This blog is a place for Me to review classic British films (in particular horror films) by Hammer, Amicus and the like. But I will occasionally branch out and review international films as these are the international counterpart to the British films, some of which will include works by American International Pictures, Mario Bava et al. I hope you enjoy!

Thursday, 9 June 2011

The Mummy's Shroud


Set in the 1920s, a team of archaeologists go in search of the lost tomb of the boy Pharaoh Kah-To-Bah. They are warned about a curse, but still they proceed to open it anyway only to receive more than the bargained for.

The Mummy's Shroud is a 1967 Hammer production. It stars Andre Morell, John Phillips and David Buck. It was directed by John Gilling. It is the third of Hammer's four Mummy films. There is a narrator at the start who is uncredited and sounds remarkably like Peter Cushing but there is no record to confirm this belief.

Essentially, it's much the same thing again. Some people disturb a cursed tomb and the curse (involving a Mummy coming to get them) is fulfilled.

Ooooh one of the members of the expedition searching for the tomb is psychic. That could come in handy. Ooooh, she's predicted that there will be danger after they have discovered the tomb and after they have left the desert, a danger of which not all of them will survive.

Woop woop. Roger “The Master” Delgado plays Hasmid, one of the locals. Guess what? He's a baddie too.

They found the tomb but one of the members of the team got bitten by a snake, then he did something (off screen) with a knife. I have no idea what he did but it must have been bad as the other members pulled squeamish looking faces as he did it.

When asked if he's concerned about the apparent curse that they were warned about, Stanley Preston (I think he's the guy funding the expedition) states that they aren't concerned about it. Fair enough, I mean it's not like the same thing has happened in the LAST TWO FILMS. There's always a curse on these bloody things and yet they always ignore the warning, resulting in the Mummy coming back to life and hunting them down one by one. These people deserve to die, stupid bastards. If I saw there was a curse on something I wouldn't even touch it let alone open it. In fact, I would probably run away screaming.

There's another psychic, and she has a sense of humour. She was talking to the man who was bitten by the snake.
“You will soon die, but not the way you think.”
“I just want to rest.”
“But soon you will be dead, you can rest then.” [laughs]
I like her.

Woh! I think the Mummy crushed the guy's skull. It was off screen so I'm not sure but it did clamp it's hands onto his head, then the camera cut away as he screamed. But when he's discovered he's found hanging from a rope round his neck. I prefer the first one, it was cooler.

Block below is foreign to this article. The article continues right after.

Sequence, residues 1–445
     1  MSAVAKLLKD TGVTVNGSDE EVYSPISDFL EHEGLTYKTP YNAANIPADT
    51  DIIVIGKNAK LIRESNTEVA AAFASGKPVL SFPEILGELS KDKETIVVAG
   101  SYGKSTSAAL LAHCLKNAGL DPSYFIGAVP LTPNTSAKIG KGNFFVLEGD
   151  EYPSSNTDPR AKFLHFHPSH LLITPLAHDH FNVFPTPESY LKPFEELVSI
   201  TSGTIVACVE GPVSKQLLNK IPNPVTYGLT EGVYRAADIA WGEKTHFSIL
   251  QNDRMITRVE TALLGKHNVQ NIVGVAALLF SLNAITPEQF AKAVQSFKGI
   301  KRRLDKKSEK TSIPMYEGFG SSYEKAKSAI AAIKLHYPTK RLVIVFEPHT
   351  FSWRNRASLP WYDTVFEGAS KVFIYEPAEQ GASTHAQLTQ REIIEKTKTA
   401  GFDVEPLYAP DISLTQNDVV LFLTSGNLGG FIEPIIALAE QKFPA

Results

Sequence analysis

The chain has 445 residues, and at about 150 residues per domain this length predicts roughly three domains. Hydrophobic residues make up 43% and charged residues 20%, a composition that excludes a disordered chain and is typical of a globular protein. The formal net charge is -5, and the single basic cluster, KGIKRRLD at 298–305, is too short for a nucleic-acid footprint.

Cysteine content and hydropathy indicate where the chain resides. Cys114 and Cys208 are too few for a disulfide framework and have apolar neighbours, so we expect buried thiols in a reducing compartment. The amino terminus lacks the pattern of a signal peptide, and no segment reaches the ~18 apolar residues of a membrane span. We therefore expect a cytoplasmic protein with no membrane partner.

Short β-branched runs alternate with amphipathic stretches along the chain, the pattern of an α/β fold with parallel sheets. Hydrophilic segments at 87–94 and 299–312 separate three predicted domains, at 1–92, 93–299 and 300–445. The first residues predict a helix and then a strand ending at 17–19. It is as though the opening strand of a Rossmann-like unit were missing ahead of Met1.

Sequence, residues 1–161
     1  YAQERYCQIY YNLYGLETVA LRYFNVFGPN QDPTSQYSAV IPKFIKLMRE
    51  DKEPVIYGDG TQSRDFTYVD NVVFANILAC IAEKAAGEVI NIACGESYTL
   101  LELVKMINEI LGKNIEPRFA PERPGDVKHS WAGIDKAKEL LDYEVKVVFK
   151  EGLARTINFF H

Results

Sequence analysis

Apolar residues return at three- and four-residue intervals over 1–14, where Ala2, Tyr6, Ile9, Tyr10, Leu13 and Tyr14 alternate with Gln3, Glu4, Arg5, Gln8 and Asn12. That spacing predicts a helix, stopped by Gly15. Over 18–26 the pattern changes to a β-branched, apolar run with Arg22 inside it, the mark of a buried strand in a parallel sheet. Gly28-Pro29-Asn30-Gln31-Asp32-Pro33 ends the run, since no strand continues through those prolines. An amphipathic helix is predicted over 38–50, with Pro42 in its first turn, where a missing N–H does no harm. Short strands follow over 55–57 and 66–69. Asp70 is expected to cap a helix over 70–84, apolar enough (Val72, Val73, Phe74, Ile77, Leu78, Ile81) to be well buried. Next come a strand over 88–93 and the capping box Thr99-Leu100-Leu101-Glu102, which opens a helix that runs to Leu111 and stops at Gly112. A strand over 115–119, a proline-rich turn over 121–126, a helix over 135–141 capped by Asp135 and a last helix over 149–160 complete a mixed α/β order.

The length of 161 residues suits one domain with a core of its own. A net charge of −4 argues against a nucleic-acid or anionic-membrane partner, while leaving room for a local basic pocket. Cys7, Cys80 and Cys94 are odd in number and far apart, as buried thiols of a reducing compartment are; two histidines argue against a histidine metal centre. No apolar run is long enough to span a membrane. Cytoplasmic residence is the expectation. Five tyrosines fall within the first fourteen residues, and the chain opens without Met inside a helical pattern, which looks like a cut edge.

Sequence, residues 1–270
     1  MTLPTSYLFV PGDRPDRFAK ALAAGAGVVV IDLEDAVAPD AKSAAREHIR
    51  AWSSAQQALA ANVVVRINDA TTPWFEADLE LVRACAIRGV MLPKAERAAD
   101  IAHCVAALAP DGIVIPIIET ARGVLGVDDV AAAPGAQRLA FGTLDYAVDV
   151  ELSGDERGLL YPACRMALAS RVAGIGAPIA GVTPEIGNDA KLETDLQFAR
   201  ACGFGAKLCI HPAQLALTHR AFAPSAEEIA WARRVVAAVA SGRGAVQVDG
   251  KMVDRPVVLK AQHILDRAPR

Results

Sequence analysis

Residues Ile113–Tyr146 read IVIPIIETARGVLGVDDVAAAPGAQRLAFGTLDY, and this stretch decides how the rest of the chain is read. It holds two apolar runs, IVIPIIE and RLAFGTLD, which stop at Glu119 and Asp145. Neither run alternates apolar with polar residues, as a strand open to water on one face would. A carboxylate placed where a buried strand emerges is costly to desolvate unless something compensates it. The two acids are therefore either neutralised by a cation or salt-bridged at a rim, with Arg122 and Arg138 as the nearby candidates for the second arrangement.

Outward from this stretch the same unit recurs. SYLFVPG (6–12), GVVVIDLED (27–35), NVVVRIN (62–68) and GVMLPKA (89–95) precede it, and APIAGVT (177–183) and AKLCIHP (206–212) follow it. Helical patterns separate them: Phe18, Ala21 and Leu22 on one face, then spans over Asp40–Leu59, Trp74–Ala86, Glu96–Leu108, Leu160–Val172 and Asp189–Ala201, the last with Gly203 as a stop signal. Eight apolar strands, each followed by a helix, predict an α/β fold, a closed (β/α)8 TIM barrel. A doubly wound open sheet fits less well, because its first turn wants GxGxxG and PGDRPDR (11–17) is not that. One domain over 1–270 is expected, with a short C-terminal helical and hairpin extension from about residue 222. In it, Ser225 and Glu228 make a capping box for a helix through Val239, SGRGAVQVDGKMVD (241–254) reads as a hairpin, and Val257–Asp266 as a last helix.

Another cool moment, again on the Mummy's behalf. It smashed a bottle of flammable corrosive liquid onto the photographer. First it burnt through his clothing on impact then it ignited and set him alight burning him to death.

CROWNING MOMENT OF AWESOME (Again all thanks to the Mummy)

Longbarrow (played by Michael Ripper) awoke to not be able to find his glasses, as he searched the floor he accidentally crushed them and began to cry. Poor Longbarrow, as if his day wasn't bad enough, he tried to make his way out the room without his glasses. But he was greeted at the door by the Mummy who wrapped him up in his bedsheets (ah, to suffocate him? You'd be wrong) then he picked him up and threw him out of the window. It got me completely by surprise that it turned my feeling sorry for Longbarrow into laughing in hysterics at him being thrown out of the window.

Stupid Hasmid. As the good guys try to stop the Mummy by speaking the sacred words that will send him back to the grave, Hasmid holds out the shroud and says “HAHAHA. Only he who holds the shroud can speak the sacred words.” So the police officer shoots him and takes the shroud off him. You never know maybe he'll have better plans when he becomes The Master. He might even have a dummy in a rubber mask.

Another cool moment. The Mummy's destruction, after they speak the sacred words he starts to crumble into sand and bones, it looks really cool.

Overall, it's not bad. From what I've heard The Mummy's Shroud is considered a B-Movie amongst the Hammer films. I wouldn't say that, it's not that bad but it's also not that great either. When it started I was completely engrossed. Then as the film progressed my interest began to deteriorate, but then as it began to near the end as the Mummy started killing more people my interest grew once again. I don't know what it is but maybe I'm just not that into Mummy films, because of the 3 I've reviewed I've not been that fussed about them. Don't get me wrong I like them, but they just don't rank very highly like other Hammer films do for me. It wasn't in any way a bad film though, it's decent enough but I think it's just an average Hammer film. Also lets give the tagline a mention: Beware the beat of the cloth wrapped feet. It's better than the tagline would lead you believe. It's not great, but it does have it's odd moments of awesome as I've mentioned earlier, and it's worth watching even just for them.

The Mummy's Shroud 2/5

1 comment:

  1. Very Informative! This blog is great source of information which is very useful for me. Thank you very much for sharing this!
    beltone reviews